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Calgary police investigations rely on street checks, says union president

Investigations could be jeopardized if efforts to outlaw ‘carding’ are successful, says the head of the city’s police union. 

While allegations of racial discrimination have prompted calls to outlaw the controversial police practice of stopping and requesting identification from people, purportedly without cause, Calgary Police Association president Les Kaminski warns an outright ban would make it impossible to conduct many police investigations. 

“It’s an essential part of police work,” he said.

“Information gathering is so integral. If carding becomes illegal across the board, and the only time you get to find out somebody’s identity is if you’re arresting them, it would really be detrimental.”

Earlier this week, two Edmonton-based community organizations demanded an end to random street checks by police in Alberta, claiming data showed an inordinate number of black and First Nations people stopped by officers, and prompting talks of a review from the province’s solicitor general.  

Speaking to media after Wednesday’s Calgary police commissioner meeting, chief Roger Chaffin said the service is open to initiatives to examine the practice, and that internal reviews are underway on how CPS maintains oversight on how and when such information is collected. 

While Kaminski admits the opportunity exists for abuse by less-than-scrupulous officers, he maintains the important role street checks play in the intelligence gathering process.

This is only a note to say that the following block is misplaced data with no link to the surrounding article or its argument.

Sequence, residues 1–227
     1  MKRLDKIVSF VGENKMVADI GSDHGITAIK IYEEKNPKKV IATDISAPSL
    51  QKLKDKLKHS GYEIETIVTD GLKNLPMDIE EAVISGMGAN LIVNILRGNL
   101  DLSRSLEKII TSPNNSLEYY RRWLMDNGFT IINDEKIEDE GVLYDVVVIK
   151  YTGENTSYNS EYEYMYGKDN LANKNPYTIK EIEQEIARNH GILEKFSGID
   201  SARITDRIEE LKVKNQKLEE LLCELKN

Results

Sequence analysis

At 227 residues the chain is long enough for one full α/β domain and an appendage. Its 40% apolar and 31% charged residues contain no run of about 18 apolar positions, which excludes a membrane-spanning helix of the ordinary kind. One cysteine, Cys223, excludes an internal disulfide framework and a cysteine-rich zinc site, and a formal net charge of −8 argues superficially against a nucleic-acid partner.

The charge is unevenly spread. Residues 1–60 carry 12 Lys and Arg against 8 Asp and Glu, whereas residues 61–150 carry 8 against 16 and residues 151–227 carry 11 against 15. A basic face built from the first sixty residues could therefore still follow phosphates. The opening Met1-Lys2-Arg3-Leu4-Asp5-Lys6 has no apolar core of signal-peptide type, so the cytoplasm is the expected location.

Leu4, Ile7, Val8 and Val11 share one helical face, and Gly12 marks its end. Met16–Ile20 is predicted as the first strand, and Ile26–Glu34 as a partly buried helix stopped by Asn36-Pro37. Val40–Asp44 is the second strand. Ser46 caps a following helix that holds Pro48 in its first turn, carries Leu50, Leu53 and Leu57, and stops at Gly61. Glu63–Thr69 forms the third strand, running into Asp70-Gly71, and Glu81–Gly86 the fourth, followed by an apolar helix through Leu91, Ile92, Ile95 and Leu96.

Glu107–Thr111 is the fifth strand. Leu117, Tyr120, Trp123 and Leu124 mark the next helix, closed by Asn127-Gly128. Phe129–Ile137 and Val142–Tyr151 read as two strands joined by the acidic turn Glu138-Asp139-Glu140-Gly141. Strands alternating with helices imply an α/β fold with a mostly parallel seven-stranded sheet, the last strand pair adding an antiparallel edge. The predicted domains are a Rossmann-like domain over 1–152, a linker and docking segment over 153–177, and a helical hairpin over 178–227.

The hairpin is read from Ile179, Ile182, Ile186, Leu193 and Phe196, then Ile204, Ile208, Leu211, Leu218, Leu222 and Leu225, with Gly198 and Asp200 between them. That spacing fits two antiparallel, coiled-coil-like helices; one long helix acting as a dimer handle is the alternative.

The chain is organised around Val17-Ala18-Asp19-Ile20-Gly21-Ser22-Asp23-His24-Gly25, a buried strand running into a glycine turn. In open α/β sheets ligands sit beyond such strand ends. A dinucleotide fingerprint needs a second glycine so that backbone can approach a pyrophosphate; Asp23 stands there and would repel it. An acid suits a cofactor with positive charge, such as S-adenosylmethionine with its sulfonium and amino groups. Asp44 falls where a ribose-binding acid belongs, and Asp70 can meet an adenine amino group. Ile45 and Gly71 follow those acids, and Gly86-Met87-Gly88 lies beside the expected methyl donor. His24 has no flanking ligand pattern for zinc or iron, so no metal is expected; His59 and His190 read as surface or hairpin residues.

“Information gathering is essential to furthering some investigations,” he said.

“If that flow of information ends, you’ll see that investigations will also become less effective.”

A veteran of the city’s gang suppression unit, Kaminski cited several instances where information gathered through careful and deliberate street checks directly lead to arrests — especially in high-level cases like homicides. 

“I understand people’s rights need to be protected, but seldom do officers ask for that information with complete randomness,” he said, adding that in his over 30 years of policing he’s never encountered a purely random information check. 

“We certainly don’t have the time, with complete randomness, to stop people and ask for their information,” he said, explaining that facing shortages of resources and personnel available to handle ever-increasing call loads means officers are far too busy to randomly demand identification from passers-by.

“It just doesn’t happen.”

Street checks, he said, are no different than any tool available to police — their use requires proper care and discretion to ensure it retains investigational value and stays within the bounds of the law.

Police officers have always faced challenges balancing the optics of their investigative work and the needs of gathering intelligence vital in bringing criminals to justice, he said. 

“Sometimes it would appear to be a random check when there’s really no randomness behind it,” he said.

“But you can’t divulge how you’re coming to that conclusion, because that would jeopardize an investigation as well.”

bpassifiume@postmedia.com
On Twitter: @bryanpassifiume

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http://calgaryherald.com/news/crime/calgary-police-investigations-rely-on-street-checks-says-union-president